Temporary site fencing, which used to be an option, has become a necessity, but there are some insider tips for this type of fencing too.

Customers looking to rent fencing should be aware different companies offer different heights. While six-foot panels might work, eight-foot panels are always better. Likewise, if you have a choice between chain link and welded mesh, opt for the latter. It’s harder to cut, and makes it easier to spot holes.

Another option to consider on larger sites, though it will take longer to complete, is a semi-permanent fence. Unlike portable panels, this type of fencing uses pounded posts and lower spec construction to create a better barrier.


If you ask the fence companies themselves, many will tell you that in recent years, they have seen a marked increase in theft from commercial properties, of materials, equipment, nonferrous metals, catalytic converters and more. Even with insurance, the costs associated with this kind of theft — which is often repetitive — far outstrips that of a better security fence.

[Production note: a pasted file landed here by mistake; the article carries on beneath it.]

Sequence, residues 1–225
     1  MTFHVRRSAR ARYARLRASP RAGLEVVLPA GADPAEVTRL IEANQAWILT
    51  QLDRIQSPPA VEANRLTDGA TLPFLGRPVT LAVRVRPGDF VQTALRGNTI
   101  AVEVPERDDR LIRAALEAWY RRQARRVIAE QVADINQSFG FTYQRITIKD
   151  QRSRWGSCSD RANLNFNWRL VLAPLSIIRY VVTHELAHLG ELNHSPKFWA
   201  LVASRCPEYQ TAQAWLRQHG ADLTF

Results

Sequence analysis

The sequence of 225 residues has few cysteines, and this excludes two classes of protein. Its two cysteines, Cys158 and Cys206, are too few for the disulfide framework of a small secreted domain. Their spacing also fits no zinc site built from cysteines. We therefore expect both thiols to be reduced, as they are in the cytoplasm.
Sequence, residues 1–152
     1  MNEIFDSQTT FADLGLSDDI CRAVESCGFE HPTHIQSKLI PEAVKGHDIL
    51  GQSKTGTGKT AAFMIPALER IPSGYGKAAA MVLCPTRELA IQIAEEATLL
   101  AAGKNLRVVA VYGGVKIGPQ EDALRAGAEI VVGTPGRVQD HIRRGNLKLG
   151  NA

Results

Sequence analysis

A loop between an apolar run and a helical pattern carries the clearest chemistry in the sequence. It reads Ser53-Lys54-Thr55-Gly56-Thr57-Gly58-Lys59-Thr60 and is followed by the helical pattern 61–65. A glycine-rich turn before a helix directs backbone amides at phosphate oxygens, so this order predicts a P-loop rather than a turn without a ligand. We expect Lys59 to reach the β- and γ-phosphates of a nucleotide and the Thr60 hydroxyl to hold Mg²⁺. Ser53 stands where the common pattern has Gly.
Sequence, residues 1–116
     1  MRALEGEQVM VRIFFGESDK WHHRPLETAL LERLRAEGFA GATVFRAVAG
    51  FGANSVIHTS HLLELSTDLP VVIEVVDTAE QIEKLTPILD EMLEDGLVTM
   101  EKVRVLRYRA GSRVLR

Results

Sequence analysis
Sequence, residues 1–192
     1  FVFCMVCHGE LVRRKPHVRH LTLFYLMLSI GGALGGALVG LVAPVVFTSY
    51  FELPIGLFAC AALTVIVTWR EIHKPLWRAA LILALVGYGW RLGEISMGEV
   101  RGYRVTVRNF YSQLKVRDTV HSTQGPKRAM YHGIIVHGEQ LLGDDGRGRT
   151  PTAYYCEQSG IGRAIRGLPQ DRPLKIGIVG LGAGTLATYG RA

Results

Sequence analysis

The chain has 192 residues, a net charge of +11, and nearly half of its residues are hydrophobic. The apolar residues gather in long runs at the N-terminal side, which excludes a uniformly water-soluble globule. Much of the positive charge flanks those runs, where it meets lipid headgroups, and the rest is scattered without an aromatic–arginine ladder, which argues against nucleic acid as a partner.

There is undoubtedly still a lot of room for chain link fencing in the security fence world, and there will be for a long time to come. Still, it is no longer simply a case of choosing the cheapest option and leaving it at that. With perimeter security needs changing so rapidly in Canada, the best advice is to ask the people with boots on the ground who can walk you through the most effective way to keep ensure security while keeping lifetime costs to a minimum.


Tamara Aspeling is a veteran of the fence industry in Africa and Canada. She has been working with high security fence systems for twenty years, and currently works in Technical Sales for Rite-Way Fencing, Canada’s largest fence company.